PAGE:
An exotic or allochthonous species originated and evolved in a place different from where it arrived. The urban and agricultural environments are real crossroads, places where people and methods of transport, which can easily carry organisms like seeds,
spores and insects, even from the most distant parts of the world, pass.
In addition, towns are normally degraded environments lacking in biodiversity, where many ecological niches (an ecological niche is the function that members of a species perform in their habitat, as if the habitat was the address and the ecological niche the
profession) ‘free’, favouring the entry and settlement of more competitive, less demanding species than the native ones.
Thus a new ecological balance is created due to the transport of organisms and the alteration to the area by a very particular animal – man.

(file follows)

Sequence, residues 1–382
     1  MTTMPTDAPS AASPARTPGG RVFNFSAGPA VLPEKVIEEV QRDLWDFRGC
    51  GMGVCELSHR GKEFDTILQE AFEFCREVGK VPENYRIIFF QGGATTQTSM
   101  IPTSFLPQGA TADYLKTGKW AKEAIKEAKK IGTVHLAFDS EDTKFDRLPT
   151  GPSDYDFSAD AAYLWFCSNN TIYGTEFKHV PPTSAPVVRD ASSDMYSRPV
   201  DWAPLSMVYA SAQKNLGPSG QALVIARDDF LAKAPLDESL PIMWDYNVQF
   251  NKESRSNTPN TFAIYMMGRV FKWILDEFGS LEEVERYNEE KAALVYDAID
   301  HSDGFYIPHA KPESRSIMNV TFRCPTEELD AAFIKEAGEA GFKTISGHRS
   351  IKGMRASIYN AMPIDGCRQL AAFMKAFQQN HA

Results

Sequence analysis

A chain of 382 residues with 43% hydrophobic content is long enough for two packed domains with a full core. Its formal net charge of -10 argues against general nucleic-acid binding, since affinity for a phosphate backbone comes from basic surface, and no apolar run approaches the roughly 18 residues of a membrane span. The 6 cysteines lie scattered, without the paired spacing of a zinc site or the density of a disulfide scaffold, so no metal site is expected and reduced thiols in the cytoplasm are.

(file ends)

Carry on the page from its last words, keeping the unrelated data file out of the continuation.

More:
An exotic organism may become invasive – but it’s not the rule. If there are no predators or parasites in the new environment, it may reproduce without check and enter into competition with local species for the resources (for example, food and places where it can grow), in some cases causing the disappearance of the local species.
WHAT EXOTIC SPECIES (INCLUDING VEGETABLE ONES) THREATEN THE BALANCE OF THE PARK?
Ailanthus altissima, Prunus seratina, Acer negundo, Ligustrum ovalifolium, L. japonicum and L. sinensis, Gleditsia triacanthos and Broussonetia papyrifera. Depending on the area of the park and the vicinity to the ‘parent plants’, these species spread their seeds on the wind and continually extend their presence in various areas of the park.